So given that there can’t be an “altruism gene” as altruism is traditionally conceived. One thing that has occurred to me, if we still had discussions I was planning on creating a discussion topic on this at some point, is maybe there could be a “justice gene”. A gene that was neutral as far as survival benefit for the individual but that made humans predisposed to be more altruistic to people that were altruistic to the tribe and to be less altruistic to those who weren’t. Although even that would be problematic I think unless you could show that the justice gene would help the individual. I could see how it could be beneficial once enough people in the tribe had it but how it would spread in the first place would be an issue I think.

    • David R Allen – Well state, and as a read, you asked the questions that came to mind. It seems to me, religious belief is a side affect of the instinct needed to service, but I don’t believe it would come on it’s own in a modern open society, it needs to be learned. Just like most Deist would have probably been atheist, if they would have had the knowledge of evolution. In the absence of knowledge, the more susceptible you are to religious ideas. Then there were those like Giordano Bruno, with ignorance all around him, still found his mind functioning with reason. We need to recognize that the human race didn’t all evolve equally, you touch on this, at any one time the top 10% of the human race, are those who show the most character traits of an evolved human. Unfortunately there are old human traits that make the bottom 90% dislike the top 10%. In spite of the high probability that it’s the top 10% that has made their lives better. There is a book called the Fourth Turning and I think this plays into this. The idea that every 90 or so years, a average human life time, we have to have an upheaval in society. That upheaval, in my opinion, is needed to break the mind set of those who lack higher reason. WWII and the Great Depression was the last “reset” we had. Basically, until they see their lives and families suffer, they won’t think rationally; it’s hard to be distracted by gay marriage if you are starving to death. After WWII, most Americans understood the need to compromise, all those people are dead or dying today. We are coming to the end, or the Forth Turning as the author puts it.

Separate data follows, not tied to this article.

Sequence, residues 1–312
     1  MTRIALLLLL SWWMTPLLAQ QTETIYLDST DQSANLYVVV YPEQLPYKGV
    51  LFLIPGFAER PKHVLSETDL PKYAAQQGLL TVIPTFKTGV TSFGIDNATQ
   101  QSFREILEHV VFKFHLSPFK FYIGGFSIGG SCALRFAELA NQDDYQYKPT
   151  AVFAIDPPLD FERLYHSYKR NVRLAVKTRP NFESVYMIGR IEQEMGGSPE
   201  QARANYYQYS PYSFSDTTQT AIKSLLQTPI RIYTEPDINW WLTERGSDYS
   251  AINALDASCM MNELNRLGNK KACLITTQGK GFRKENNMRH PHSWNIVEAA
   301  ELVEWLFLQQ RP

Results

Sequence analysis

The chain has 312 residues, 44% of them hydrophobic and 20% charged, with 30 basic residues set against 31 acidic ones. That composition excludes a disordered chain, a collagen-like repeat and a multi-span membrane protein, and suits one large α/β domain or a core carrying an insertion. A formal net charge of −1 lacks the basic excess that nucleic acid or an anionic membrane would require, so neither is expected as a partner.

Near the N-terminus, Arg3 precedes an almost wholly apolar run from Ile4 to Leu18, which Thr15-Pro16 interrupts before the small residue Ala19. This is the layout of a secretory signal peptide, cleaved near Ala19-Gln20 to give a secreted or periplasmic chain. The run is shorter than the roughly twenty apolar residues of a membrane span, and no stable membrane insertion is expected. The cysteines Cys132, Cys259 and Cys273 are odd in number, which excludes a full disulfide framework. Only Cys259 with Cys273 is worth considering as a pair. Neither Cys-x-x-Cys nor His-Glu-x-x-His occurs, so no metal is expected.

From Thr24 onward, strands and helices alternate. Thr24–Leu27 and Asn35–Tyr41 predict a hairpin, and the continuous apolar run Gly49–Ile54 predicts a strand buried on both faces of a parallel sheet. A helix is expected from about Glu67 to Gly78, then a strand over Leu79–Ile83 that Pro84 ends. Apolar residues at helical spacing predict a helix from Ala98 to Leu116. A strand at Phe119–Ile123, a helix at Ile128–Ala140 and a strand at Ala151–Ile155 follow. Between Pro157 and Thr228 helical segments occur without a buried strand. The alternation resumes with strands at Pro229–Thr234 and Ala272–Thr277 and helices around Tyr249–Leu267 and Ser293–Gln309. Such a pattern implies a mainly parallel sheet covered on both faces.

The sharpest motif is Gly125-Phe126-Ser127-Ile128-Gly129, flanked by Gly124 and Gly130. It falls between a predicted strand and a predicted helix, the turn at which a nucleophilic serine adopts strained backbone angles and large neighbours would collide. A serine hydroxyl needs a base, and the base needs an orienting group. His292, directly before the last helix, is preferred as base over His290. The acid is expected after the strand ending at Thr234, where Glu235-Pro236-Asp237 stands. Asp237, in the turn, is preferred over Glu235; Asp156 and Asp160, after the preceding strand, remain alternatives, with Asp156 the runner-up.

• I recommend to all readers the children’s book The Gammage Cup by Carol Kendall, in which a tiny minority of free thinkers save an entire society from invasion and destruction. It is one of my favorite reads to inculcate free thinking to children at a still impressionable age.